February 8, 2012
I have just returned from a visit to our COMP-Northwest campus in Lebanon, Oregon, and it’s probably an understatement to say that I came away impressed and gratified by the COMP-Northwest faculty, students, and administrators, as well as the local and regional leadership in the mid-Willamette Valley.
I could not have asked for a finer welcome. The Strawberrian Limousine service, provided by the city of Lebanon, took me from my hotel to campus, with Lebanon City Councilman Bob Elliot as the driver’s co-pilot. Arriving on campus, I was greeted by a double line of applauding staff members going up the stairs to the front door. This was followed by a meeting with students, all of whom were in their white coats - their idea - and who discussed a wide range of topics with me. I felt a very strong connection to the students during our conversation, which was stimulating on a variety of fronts.
That discussion was followed by a musical presentation from a small choral group in the COMP-Northwest Recital Hall, which once again reminded me how broadly talented so many of WesternU’s students are, and how their gifts in other areas so richly inform their work and studies as future health-care professionals.
I also met with local, regional, and state leaders, including Lebanon Mayor Ken Toomb, Councilman Elliot, City Manager John Hitt, and field representatives for Oregon’s senators and Congressman Peter DeFazio. This group also included Mike Cowgill, COMP-Northwest’s Advancement Board chairman; Derrick Sorwelde, DO, a COMP-Northwest Advancement Board member; David Walls of Osteopathic Physicians and Surgeons of Oregon; Roger Nyquist, chair of the Linn County Board of Commissioners; Shelly Garrett, director of the Lebanon Chamber of Commerce; Leslie Stevens, a COMP alumnus and community preceptor for COMP-Northwest; and Becky Pape, CEO of Samaritan Lebanon Community Hospital.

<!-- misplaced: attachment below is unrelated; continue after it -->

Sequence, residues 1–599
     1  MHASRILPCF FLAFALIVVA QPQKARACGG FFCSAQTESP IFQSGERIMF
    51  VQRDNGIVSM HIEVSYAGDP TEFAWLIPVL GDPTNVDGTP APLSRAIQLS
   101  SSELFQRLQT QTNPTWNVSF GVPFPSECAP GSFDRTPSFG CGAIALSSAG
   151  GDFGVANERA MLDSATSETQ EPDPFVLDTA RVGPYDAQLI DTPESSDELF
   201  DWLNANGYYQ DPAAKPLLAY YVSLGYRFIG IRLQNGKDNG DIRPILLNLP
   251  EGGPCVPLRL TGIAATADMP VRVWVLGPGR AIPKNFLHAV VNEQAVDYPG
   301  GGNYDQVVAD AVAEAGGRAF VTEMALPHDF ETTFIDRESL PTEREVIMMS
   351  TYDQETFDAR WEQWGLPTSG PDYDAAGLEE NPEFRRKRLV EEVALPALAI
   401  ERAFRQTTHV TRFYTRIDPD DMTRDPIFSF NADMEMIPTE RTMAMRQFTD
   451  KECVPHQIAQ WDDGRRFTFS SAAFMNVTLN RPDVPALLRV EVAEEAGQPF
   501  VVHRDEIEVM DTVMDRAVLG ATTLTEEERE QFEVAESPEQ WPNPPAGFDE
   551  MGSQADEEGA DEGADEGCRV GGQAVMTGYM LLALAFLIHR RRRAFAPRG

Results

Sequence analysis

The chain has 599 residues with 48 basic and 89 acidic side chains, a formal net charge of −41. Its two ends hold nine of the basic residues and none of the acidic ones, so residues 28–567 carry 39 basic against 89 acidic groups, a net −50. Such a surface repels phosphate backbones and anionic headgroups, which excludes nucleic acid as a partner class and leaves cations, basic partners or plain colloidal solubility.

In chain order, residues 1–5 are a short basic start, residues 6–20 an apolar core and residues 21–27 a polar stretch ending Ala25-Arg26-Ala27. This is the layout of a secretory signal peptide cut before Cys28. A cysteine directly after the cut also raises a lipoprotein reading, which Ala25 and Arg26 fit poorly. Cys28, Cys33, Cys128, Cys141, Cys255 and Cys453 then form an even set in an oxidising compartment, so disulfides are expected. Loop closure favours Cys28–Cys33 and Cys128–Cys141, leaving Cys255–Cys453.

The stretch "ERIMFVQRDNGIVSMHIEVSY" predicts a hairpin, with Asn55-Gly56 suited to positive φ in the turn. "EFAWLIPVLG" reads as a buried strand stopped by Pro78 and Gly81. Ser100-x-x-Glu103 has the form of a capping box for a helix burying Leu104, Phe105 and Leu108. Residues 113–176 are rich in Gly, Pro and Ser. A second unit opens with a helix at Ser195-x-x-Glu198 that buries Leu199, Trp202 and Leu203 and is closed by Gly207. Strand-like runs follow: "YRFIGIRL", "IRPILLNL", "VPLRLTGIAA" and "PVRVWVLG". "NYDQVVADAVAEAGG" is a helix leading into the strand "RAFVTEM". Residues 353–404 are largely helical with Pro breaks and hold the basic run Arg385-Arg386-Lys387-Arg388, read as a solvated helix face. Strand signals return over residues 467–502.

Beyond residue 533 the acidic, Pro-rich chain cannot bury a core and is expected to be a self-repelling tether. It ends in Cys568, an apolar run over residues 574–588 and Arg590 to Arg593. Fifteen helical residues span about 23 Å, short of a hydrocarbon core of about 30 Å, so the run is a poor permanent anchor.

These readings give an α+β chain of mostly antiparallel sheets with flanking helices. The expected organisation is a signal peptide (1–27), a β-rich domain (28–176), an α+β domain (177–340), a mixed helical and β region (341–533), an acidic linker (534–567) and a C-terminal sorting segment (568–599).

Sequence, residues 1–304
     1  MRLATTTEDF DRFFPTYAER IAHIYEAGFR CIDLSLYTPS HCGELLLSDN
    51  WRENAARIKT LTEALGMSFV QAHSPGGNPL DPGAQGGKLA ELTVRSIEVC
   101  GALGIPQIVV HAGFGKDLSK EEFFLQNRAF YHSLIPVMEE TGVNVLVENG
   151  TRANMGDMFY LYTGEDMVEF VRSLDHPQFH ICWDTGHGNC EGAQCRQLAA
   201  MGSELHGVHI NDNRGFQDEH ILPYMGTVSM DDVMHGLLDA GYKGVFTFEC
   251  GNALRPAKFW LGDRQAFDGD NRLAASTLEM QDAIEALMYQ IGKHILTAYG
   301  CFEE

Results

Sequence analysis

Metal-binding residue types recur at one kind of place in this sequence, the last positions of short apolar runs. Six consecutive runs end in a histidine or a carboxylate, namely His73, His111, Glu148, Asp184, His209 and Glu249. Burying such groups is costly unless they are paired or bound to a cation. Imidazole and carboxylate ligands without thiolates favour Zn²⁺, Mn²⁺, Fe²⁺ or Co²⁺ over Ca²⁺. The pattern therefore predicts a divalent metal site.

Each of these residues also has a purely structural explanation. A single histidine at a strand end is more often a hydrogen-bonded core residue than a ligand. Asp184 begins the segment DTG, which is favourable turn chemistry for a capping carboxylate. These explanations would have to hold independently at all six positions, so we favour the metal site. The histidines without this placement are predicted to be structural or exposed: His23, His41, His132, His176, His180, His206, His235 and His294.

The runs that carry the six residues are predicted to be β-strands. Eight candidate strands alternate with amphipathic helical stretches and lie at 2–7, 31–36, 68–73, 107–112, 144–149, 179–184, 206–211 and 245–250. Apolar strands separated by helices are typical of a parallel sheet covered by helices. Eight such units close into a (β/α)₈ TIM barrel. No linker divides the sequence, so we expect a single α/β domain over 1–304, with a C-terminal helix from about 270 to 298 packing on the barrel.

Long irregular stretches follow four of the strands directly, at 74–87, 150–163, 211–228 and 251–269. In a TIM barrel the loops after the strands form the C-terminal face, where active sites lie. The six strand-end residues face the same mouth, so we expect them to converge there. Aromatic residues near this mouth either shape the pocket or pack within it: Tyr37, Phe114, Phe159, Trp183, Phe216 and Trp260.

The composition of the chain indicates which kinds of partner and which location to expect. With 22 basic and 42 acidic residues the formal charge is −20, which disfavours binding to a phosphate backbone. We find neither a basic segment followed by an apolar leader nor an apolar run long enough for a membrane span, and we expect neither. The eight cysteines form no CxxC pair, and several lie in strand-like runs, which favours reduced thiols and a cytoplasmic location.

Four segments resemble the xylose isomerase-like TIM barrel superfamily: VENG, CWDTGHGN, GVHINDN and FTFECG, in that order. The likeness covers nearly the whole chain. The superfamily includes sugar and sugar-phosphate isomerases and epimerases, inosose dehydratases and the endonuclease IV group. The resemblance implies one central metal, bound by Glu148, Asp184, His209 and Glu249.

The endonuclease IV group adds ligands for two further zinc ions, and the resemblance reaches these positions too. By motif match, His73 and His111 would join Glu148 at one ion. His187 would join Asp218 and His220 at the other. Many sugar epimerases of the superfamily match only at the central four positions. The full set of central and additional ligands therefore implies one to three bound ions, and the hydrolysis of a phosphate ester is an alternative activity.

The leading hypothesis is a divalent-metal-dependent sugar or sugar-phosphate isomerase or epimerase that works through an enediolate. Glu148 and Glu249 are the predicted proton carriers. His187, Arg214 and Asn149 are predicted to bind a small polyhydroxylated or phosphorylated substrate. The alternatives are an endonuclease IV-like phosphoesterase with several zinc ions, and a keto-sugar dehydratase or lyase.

I also was touched by a meeting later that day with local school representatives, including Sarah Halley, a Lebanon kindergarten teacher who - long before COMP-Northwest’s actual opening - established a partnership with WesternU and COMP-Northwest, and created Kindergarten University at her school to encourage her young students to aspire to a college education. Mrs. Halley presented me with essays written by her students. I was filled with a deep sense of gratitude and hope for our future as I read these messages, which thanked COMP-Northwest and WesternU for being a partner in building dreams. I cannot imagine a finer keepsake from my visit than these messages.
I also was pleased to be able to tell students, faculty, and the public who were involved in the visit that WesternU is keenly interested in bringing even more colleges to the Pacific Northwest when the conditions are right. Although the specifics of such plans will not be determined for some time, it is clear that the environment being created at COMP-Northwest, the Samaritan Health Sciences campus itself, and the communities of the mid-Willamette Valley will be ready to help us expand our mission when the time comes.
As always, I welcome your feedback on this topic and any others as we discuss WesternU's Benchmarks of Value, and our plans. Please e-mail me with your thoughts at email@example.com, and feel free to share this message with your family and friends.
My best to you all,